Living In A Culture Of Honor

by PJ McClure on December 6, 2012

I’ve write and speak a lot on the subject of culture and its importance. Culture is so pervasive in our society that we don’t see how much it impacts what we take for granted.

A culture, by practical definition, is an environment that allows certain things to grow. It probably came as a laboratory term first and moved into society later, but the concept is the same. For example; the environment that allowed penicillin to grow was a specific culture. The scientists created a certain culture, watched what grew, and eventually ended up with a medicine that has saved countless lives.

Here’s a unique twist on that thought… in order for penicillin to grow, there was also a harmful bacteria growing in the same culture. Why not keep the bacteria out? Because without the bacteria we would have never known how strong penicillin is. 

Creating the culture you want in your family, business, church, or whatever involves more than saying, “I want these things and nothing else.” An overprotected culture is a sterile culture. Nothing grows in a sterile culture. If want to grow the good stuff, we must accept the risk of the bad. The good news is that whatever you nurture will win.

Specifically today I am thinking about something that is important to me in every area of my life; honor. It hasn’t always been. I used to value being right more than anything else (transparency time) and so the culture around me showed it. The fruit of that focus was a lot of defensive behavior, sarcasm, and shallow relationships. One of the most obvious things missing was the sense that everyone is valuable.

When I say, “Valuable,” I mean the inherent value in every life, not what I can get from them. When I was always worried about whether or not I was right about something, my view of others often fell to a judgement of whether they would agree with me or not. What grows in such a culture is not healthy.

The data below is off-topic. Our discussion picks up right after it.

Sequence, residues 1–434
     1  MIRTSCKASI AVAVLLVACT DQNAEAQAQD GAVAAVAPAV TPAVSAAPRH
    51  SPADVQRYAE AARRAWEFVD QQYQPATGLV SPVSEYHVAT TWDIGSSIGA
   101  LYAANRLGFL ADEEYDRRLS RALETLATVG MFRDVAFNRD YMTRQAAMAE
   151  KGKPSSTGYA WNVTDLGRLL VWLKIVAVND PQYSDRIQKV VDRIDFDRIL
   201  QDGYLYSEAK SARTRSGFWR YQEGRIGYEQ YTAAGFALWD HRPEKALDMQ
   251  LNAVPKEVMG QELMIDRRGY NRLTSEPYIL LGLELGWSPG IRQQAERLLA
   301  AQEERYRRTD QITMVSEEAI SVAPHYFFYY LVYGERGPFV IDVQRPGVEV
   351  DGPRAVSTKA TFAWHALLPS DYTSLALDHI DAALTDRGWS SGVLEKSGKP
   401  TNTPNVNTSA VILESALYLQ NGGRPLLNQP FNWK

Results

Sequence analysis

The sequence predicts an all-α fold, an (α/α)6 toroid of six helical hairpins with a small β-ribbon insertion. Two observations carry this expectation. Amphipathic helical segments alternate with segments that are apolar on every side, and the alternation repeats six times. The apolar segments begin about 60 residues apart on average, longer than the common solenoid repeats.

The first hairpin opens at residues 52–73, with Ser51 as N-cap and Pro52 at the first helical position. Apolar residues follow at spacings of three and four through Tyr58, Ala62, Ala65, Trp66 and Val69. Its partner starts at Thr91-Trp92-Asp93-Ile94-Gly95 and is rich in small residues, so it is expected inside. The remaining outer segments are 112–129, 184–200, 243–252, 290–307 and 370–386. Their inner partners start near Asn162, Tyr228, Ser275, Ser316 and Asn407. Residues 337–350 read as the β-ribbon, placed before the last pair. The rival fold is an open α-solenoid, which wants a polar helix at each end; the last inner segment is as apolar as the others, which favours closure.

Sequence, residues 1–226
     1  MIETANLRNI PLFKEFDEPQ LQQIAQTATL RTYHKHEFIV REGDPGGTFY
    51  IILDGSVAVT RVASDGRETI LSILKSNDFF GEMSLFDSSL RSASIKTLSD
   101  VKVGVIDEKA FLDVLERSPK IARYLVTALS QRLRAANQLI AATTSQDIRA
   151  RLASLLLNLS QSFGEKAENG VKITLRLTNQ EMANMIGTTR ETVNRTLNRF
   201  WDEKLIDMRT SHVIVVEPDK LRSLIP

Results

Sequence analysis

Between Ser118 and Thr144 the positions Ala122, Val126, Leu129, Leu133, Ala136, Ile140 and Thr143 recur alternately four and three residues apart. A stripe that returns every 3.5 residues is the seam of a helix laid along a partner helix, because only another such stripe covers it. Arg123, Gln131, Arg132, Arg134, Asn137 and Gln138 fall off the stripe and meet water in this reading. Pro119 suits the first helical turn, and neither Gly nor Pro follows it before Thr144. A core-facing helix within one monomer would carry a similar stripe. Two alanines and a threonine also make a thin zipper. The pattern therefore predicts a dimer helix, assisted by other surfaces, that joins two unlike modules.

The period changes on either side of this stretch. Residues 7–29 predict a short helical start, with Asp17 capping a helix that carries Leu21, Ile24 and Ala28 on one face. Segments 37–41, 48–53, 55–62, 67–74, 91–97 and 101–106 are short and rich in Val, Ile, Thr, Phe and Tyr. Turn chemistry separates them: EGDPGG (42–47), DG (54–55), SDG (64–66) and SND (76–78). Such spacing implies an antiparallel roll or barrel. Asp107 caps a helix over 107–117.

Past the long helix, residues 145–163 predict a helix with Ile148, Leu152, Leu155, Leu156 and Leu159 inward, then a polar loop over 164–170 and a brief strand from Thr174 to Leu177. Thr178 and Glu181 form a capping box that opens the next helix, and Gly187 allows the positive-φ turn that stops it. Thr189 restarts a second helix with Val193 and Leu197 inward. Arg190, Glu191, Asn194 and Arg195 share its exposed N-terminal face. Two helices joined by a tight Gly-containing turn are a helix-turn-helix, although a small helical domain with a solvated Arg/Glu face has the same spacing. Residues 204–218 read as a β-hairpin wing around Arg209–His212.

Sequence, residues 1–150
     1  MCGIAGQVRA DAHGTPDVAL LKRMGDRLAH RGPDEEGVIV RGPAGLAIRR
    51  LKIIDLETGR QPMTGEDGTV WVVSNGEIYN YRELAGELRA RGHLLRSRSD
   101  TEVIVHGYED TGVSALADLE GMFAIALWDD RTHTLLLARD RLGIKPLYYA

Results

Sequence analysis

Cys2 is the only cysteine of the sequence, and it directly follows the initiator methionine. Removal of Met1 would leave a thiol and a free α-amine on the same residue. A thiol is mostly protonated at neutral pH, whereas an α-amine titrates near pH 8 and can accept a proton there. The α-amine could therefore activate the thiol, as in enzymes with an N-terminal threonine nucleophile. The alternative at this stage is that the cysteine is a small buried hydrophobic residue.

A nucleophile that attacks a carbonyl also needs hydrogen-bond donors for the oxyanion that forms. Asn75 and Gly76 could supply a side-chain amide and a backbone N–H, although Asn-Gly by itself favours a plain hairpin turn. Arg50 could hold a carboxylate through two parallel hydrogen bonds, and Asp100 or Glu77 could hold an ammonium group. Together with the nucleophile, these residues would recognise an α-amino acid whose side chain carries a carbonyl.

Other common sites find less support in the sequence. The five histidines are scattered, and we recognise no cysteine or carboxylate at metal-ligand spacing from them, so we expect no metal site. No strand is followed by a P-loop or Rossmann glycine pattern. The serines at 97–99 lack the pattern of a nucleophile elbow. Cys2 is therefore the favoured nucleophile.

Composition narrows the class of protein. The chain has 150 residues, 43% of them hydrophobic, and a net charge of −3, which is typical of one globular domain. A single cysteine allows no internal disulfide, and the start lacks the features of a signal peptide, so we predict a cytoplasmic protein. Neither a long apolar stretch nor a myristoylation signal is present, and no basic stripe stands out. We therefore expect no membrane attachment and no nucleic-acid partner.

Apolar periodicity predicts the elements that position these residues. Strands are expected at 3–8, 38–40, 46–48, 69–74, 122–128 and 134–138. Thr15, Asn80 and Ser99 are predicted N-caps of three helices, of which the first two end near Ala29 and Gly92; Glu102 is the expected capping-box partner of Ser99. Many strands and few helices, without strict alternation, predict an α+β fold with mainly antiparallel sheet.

The turning point came when I was indirectly challenged to allow disagreement. More so, to allow myself the opportunity to be wrong. AAAAACK!!! I almost choked on the implications, but the idea actually gave my soul some rest. It was a lot of work to nurture this other culture with no reward.

In order to make these changes in culture my first directive was one of honor. First with myself. I had to learn how to honor who I am, not who I am not. I still wrestle with that one from time-to-time, though I am getting more skillful. The next step was to do the same for everyone else.

The idea of honoring others is not about hiding your own opinions and convictions or constantly powdering the rumps of others. Honor is looking for what is beautiful in others even in the presence of what you do not find attractive about them. When conflict arises you can attack the issue, but you must honor the person. The reason why is far more powerful than the benefits of such a culture.

We honor others because, like us, they are the image bearers of God. To dishonor another is to dishonor their Creator and I want no part of THAT kind of culture.

Practice building a culture where honor grows. Yes, you will risk the presence of those that seek to dishonor, but your job is to nurture what you want and allow it to consume the other.

Look for what is beautiful in others and pray for it to become beautiful in you. Honor will follow.

Be your best,

PJ

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